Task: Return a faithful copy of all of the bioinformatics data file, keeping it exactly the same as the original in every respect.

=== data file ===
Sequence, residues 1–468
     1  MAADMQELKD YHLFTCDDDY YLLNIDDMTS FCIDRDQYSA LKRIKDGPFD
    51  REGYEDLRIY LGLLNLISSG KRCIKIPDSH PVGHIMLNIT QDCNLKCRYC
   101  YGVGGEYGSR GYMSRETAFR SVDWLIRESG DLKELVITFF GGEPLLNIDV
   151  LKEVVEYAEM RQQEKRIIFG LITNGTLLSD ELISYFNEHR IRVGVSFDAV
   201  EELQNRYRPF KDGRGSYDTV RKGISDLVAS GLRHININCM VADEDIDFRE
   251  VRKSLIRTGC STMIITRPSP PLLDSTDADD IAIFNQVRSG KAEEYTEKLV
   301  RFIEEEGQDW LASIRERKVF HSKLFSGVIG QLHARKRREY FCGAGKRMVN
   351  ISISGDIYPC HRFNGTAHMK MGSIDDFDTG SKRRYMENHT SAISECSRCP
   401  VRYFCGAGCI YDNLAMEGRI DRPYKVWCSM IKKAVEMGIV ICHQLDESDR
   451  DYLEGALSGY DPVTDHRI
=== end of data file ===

Sequence, residues 1–468
     1  MAADMQELKD YHLFTCDDDY YLLNIDDMTS FCIDRDQYSA LKRIKDGPFD
    51  REGYEDLRIY LGLLNLISSG KRCIKIPDSH PVGHIMLNIT QDCNLKCRYC
   101  YGVGGEYGSR GYMSRETAFR SVDWLIRESG DLKELVITFF GGEPLLNIDV
   151  LKEVVEYAEM RQQEKRIIFG LITNGTLLSD ELISYFNEHR IRVGVSFDAV
   201  EELQNRYRPF KDGRGSYDTV RKGISDLVAS GLRHININCM VADEDIDFRE
   251  VRKSLIRTGC STMIITRPSP PLLDSTDADD IAIFNQVRSG KAEEYTEKLV
   301  RFIEEEGQDW LASIRERKVF HSKLFSGVIG QLHARKRREY FCGAGKRMVN
   351  ISISGDIYPC HRFNGTAHMK MGSIDDFDTG SKRRYMENHT SAISECSRCP
   401  VRYFCGAGCI YDNLAMEGRI DRPYKVWCSM IKKAVEMGIV ICHQLDESDR
   451  DYLEGALSGY DPVTDHRI